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A drone photographer’s view from 300 feet up

A drone photographer’s view from 300 feet up

Jeffrey Baker peers down at the center of Northampton from a view typically reserved for birds and the pilots of propellor planes from the nearby airport.

Three hundred feet below, walkers scurry across the intersection of Main Street, King Street and Pleasant Street. On the screen of the remote controller Baker uses to steer his drone, downtown Northampton resembles a child’s model play set.

“It’s a totally new perspective on the world,” Baker, of Leeds, says.

His drone photography began, as so many hobbies did, early in the pandemic. But in the three years since, as Baker has honed his skills steering the foot-wide drone through the skies of Western Massachusetts, he has begun to share his pastime with the world.

Jeffrey Baker, of Northampton, pictured with his DJI Mavic 2 drone, which he uses to capture images of his city from above. (Will Katcher/MassLive).

Baker frequently posts his stunning aerial shots of Northampton, Florence, Leeds and other nearby Pioneer Valley towns on Twitter or in community Facebook groups.

Even on the longest days of the year, Baker may be awake to capture the sunrise just after 5 a.m. As dawn breaks, he could be filming a timelapse of fog rolling over the Connecticut River in the morning glow. As afternoon storms sweep across the valley, his drone is in the sky to grab a wide-angle shot with the weather system in the distance.

Jeffrey Baker captures landscapes, sunrises and weather from high above Western Massachusetts using a drone. (Photo courtesy of Jeffrey Baker)

A rainbow appears in a downpour over Western Massachusetts. (Photo courtesy of Jeffrey Baker)

Jeffrey Baker captures landscapes, sunrises and weather from high above Western Massachusetts using a drone. (Photo courtesy of Jeffrey Baker)

Jeffrey Baker captures landscapes, sunrises and weather from high above Western Massachusetts using a drone. (Photo courtesy of Jeffrey Baker)

Smith College in Northampton. (Photo courtesy of Jeffrey Baker)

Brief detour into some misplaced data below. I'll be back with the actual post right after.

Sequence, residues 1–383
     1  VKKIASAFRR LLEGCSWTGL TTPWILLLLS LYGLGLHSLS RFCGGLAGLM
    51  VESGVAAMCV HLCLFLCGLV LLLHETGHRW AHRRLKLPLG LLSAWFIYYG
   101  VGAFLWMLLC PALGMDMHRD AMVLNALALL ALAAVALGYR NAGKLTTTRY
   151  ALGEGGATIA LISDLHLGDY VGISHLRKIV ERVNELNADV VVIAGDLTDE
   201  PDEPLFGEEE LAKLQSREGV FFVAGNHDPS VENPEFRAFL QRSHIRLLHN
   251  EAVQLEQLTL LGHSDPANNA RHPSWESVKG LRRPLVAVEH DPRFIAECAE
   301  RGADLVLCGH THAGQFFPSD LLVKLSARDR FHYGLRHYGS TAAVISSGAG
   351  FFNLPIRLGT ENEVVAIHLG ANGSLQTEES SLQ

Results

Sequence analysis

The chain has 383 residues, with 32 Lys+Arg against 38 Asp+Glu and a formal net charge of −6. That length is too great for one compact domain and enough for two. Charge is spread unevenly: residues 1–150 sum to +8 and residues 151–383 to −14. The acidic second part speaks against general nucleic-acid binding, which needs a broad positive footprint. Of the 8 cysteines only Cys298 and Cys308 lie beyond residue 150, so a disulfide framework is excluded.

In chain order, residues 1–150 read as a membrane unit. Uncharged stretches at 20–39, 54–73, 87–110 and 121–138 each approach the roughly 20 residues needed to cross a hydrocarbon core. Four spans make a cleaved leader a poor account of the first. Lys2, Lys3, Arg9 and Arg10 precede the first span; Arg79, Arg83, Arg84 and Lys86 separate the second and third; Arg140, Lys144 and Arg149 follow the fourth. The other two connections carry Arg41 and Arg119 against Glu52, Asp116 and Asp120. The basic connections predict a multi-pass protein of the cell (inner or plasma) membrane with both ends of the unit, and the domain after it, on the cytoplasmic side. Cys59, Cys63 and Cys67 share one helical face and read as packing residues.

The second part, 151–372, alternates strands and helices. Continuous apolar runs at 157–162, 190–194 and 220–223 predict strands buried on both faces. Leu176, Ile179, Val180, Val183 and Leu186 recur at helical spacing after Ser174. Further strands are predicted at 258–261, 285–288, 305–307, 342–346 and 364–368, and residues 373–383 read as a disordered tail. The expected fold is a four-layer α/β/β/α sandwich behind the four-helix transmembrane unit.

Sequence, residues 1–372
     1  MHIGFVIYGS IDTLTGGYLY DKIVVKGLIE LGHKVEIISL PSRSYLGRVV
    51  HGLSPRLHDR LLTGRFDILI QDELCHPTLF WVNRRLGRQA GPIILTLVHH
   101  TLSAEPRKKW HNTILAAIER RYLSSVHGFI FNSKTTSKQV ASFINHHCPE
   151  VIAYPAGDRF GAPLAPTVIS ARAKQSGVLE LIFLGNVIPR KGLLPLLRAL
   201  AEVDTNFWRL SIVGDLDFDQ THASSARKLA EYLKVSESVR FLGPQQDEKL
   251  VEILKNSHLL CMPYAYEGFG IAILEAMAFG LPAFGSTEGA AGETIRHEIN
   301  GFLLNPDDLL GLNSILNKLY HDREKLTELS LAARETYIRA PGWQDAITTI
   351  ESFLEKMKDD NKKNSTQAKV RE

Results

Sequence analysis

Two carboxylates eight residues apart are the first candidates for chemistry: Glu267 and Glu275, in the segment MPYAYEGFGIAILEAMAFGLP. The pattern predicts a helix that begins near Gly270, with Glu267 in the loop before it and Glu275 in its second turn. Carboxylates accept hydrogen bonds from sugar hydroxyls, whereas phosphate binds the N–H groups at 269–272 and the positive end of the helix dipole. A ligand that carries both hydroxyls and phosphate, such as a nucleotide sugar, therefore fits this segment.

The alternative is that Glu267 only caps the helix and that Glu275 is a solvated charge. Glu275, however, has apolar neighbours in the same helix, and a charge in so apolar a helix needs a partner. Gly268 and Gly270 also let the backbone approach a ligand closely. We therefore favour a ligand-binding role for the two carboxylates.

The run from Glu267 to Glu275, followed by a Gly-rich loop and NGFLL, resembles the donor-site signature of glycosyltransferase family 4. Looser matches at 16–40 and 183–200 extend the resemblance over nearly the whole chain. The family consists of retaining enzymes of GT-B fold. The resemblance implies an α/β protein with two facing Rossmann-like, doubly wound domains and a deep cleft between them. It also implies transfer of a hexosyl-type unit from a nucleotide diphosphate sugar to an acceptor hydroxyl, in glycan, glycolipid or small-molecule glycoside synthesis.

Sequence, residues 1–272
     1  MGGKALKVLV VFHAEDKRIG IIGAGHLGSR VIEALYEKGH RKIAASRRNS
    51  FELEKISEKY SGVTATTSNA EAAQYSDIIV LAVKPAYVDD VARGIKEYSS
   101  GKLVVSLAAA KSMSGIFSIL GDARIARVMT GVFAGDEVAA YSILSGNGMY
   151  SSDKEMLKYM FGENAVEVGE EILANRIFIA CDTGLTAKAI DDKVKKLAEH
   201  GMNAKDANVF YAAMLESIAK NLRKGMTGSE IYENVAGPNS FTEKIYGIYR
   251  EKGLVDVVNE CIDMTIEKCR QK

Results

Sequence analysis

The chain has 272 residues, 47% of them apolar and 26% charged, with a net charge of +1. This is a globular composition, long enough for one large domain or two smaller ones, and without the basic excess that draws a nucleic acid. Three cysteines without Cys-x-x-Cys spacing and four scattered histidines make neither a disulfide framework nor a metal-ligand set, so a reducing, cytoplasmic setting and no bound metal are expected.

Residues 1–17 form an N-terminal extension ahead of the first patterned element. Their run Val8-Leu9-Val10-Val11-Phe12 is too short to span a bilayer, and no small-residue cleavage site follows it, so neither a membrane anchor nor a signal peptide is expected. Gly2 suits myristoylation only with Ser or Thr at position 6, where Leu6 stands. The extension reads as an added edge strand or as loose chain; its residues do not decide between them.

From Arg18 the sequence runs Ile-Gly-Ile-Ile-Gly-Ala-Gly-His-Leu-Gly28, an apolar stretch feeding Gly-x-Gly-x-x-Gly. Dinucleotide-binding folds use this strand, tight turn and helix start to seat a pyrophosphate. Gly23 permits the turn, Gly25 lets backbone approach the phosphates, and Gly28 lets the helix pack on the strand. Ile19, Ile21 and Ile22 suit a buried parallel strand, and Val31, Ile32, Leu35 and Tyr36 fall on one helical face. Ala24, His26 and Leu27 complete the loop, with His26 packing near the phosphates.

A storm passes over Springfield and the Connecticut River. (Photo courtesy of Jeffrey Baker)

Springfield and the Basketball Hall of Fame, captured by drone by Jeffrey Baker. (Photo courtesy of Jeffrey Baker)

Jeffrey Baker captures landscapes, sunrises and weather from high above Western Massachusetts using a drone. (Photo courtesy of Jeffrey Baker)

Among Baker’s admirers is Dave Hayes, often known in this corner of the state as “Dave Hayes the Weather Nut.”

The unofficial weatherman of Western Massachusetts, Hayes pushes out daily forecasts and meteorological analysis to a loyal band of followers numbering some 50,000 strong on Facebook.

Baker’s overhead shots, particularly those showing a storm rumbling over the valley or a particularly scenic composition of clouds and landscape, sometimes earn a boost on social media from Hayes.

“His stuff is just of a really good quality, and he’s got a good eye,” Hayes said. “It’s a very cool look specific to Hampshire County.”

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Baker, a videographer and photographer for Smith College, uses his personal DJI Mavic 2 drone, which he bought early in the pandemic.

He had been furloughed by the college for two months and started playing with this new toy, not unlike the remote control cars and planes he grew up with in California. Just far more advanced.

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“During the pandemic, it was a great outlet,” Baker said. “I really needed that.”

Jeffrey Baker, of Northampton, uses a drone to capture overhead images of his city and other nearby Pioneer Valley spots. (Will Katcher/MassLive).

Eventually, Baker began using the drone to film hyperlapses — timelapses in which the camera moves, presenting a stop motion video with a shifting point of view.

To film a hyperlapse, Baker shoots a photograph every two seconds as the drone cruises through the air. One full battery can usually yield about 500 images — showing a landscape and the people, objects or weather in it shifting over the course of about 15 to 20 minutes.

Sped up, the result is a 20- or 30-second video — just the right length for social media.

On Thursday morning, Baker powered his drone up from a parking lot on Masonic Street in downtown Northampton. The rotors became a blur and the small plastic bird spun into the air, hovering a few feet above the ground before Baker took toward the sky.

Baker said he understands that some people don’t like the sight or hum of a drone, and tries to be considerate of where and when he deploys.

Jeffrey Baker, of Northampton, and his DJI Mavic 2 drone. (Will Katcher/MassLive).

On Wednesday, he visited the University of Massachusetts Amherst Sunwheel, a Stonehenge-esque rock circle at the university where astronomers were giving a presentation on the Summer Solstice. Not wanting to disturb the event, Baker kept to his handheld camera.

Baker would like to expand his drone photography outside of the Northampton area, perhaps working with municipalities to capture their picturesque town squares and city centers from overhead.

“There’s so many beautiful Main Streets in Western Mass.,” Baker said. “I’m sure cities and towns would love it.”

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  • June 25, 2023